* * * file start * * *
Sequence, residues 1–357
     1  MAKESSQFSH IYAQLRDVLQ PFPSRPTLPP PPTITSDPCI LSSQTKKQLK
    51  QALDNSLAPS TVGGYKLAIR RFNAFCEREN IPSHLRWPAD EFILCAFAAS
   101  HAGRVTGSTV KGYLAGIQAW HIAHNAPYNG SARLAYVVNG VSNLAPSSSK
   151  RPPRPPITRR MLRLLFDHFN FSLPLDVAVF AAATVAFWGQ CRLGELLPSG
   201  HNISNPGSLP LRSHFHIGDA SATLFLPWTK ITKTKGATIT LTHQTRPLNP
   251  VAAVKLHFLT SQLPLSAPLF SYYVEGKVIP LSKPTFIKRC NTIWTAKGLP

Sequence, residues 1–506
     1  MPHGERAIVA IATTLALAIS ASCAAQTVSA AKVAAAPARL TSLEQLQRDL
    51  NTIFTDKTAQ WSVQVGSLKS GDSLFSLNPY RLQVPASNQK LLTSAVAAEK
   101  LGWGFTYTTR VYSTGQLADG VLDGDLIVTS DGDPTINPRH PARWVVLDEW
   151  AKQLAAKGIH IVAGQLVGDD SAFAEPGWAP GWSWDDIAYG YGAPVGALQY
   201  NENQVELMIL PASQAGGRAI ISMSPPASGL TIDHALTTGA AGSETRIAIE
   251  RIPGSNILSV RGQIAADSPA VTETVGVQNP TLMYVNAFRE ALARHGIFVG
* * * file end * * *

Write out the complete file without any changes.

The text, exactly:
Sequence, residues 1–357
     1  MAKESSQFSH IYAQLRDVLQ PFPSRPTLPP PPTITSDPCI LSSQTKKQLK
    51  QALDNSLAPS TVGGYKLAIR RFNAFCEREN IPSHLRWPAD EFILCAFAAS
   101  HAGRVTGSTV KGYLAGIQAW HIAHNAPYNG SARLAYVVNG VSNLAPSSSK
   151  RPPRPPITRR MLRLLFDHFN FSLPLDVAVF AAATVAFWGQ CRLGELLPSG
   201  HNISNPGSLP LRSHFHIGDA SATLFLPWTK ITKTKGATIT LTHQTRPLNP
   251  VAAVKLHFLT SQLPLSAPLF SYYVEGKVIP LSKPTFIKRC NTIWTAKGLP

Sequence, residues 1–506
     1  MPHGERAIVA IATTLALAIS ASCAAQTVSA AKVAAAPARL TSLEQLQRDL
    51  NTIFTDKTAQ WSVQVGSLKS GDSLFSLNPY RLQVPASNQK LLTSAVAAEK
   101  LGWGFTYTTR VYSTGQLADG VLDGDLIVTS DGDPTINPRH PARWVVLDEW
   151  AKQLAAKGIH IVAGQLVGDD SAFAEPGWAP GWSWDDIAYG YGAPVGALQY
   201  NENQVELMIL PASQAGGRAI ISMSPPASGL TIDHALTTGA AGSETRIAIE
   251  RIPGSNILSV RGQIAADSPA VTETVGVQNP TLMYVNAFRE ALARHGIFVG